The “Corporate Sustainability Report Directive” (CSRD) concerns 50 000 businesses within the EU. Businesses categorized as SMBs (+250 employees or various turnover thresholds) will have to submit a new report allowing to measure their ESG strategy as well as their carbon emissions. Companies of 10 or less employees are not immediately concerned, except listed companies and companies with a long-term contract with a bigger company subject to the corporate sustainability report. However, the EU commission has declared that bigger companies should not attempt to transfer that responsibilities upon smaller economic agents who are normally out of the Scope of the CSR directive.
The CSRD replaces and complements the “non-financial report” directive (NFRD) and introduces more precise guidelines concerning the “Dynamic Double Materiality” and the presentation of carbon emission objectives under Scope 1, 2 and 3.
The CSRD together with forthcoming directives and regulations are the tools used by Europe to achieve its ESG objectives in the short and long run. The CSRD is fed by the NFRD (Non Financial Report Directive) and SFDR (Sustainable Finance Disclosure Regulation), and will be reinforced by the CBAM regulation which paves the road for GhG certificates on imports.
The CSR Directive should gain “full direct effect” by Q2 2024.
The slide below shows the deadlines for different types of businesses, as well as interactions of various directives and regulations.
IMPORTANT: the “reality check” :
Please note that EU climate objectives still aim for a reduction of 50% of carbon emissions by 2030, whereas the downloadable below states “35%”. This is not a mistake but simply a very optimistic number that takes into consideration recent changes and acknowledged impossibilities to reach the objective of -50% emissions of GHG (Greenhouse Gaz) or CO2e (carbon equivalent), and as a consequence, an impossibility to enforce it.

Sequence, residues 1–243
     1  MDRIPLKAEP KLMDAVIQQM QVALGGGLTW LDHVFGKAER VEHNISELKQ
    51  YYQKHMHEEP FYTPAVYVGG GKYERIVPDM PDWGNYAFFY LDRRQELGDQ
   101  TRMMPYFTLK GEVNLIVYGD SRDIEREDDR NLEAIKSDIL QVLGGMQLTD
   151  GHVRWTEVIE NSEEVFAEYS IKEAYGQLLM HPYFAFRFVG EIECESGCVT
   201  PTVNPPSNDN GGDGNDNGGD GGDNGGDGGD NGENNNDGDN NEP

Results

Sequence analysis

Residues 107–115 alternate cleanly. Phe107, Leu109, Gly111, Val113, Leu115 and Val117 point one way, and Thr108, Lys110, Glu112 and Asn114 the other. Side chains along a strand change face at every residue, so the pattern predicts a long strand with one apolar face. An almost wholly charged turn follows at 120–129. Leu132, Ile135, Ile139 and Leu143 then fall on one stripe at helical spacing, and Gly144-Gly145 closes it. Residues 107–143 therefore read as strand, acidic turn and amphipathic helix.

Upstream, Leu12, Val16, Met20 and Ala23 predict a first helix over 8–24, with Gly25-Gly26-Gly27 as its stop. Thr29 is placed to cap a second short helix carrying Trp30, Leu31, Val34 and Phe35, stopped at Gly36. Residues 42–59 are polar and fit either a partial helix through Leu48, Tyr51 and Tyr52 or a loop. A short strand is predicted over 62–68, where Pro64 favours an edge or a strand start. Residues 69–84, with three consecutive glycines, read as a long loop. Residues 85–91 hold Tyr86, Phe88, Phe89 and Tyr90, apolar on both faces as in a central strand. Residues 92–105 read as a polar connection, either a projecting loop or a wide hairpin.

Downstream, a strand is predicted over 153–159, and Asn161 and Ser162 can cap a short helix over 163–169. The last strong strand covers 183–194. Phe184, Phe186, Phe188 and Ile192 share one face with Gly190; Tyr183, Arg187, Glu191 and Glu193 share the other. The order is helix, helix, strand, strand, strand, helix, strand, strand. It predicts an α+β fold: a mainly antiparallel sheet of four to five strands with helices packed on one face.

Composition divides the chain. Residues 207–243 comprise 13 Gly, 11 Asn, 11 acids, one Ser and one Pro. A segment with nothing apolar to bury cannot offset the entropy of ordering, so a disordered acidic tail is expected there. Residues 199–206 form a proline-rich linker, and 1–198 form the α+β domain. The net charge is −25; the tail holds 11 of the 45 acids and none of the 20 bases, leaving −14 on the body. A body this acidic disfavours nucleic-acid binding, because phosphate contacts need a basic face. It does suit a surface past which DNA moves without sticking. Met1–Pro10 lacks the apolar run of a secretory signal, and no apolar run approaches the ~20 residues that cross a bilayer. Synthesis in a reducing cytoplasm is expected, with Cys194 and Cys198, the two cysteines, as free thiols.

35% is a personal opinion, and already a very high and optimistic number in the current context where GHG are steadily rising. It is plausible that the EU will simply not be able to reach any reduction due to international events, changes of member state policies, unwillingness to comply, or simply difficulties to take measures reducing carbon emissions (for example, the supply chain does not know how it can optimize GHG).
Clearly, a reduction of 50% will not happen by 2030 or even 2035 (CBAM), at least not without the occurrence of exceptional events on a global, planet-wide, scale (discovery of new energy sources, natural disasters, events such as the COVID crisis, wars…).
This does not mean that the CSR Directive will not be in force or that it should not be taken seriously. It will be in force after 2024, and unwillingness to comply may have serious consequences (such as, but not limited to, not being able to close a contract with a partner who is already “CSR compliant”, or having to face a variety of stakeholders’ actions).
Other information and numbers in the PDF below reflect the CSRD original text and intents of the EU commission.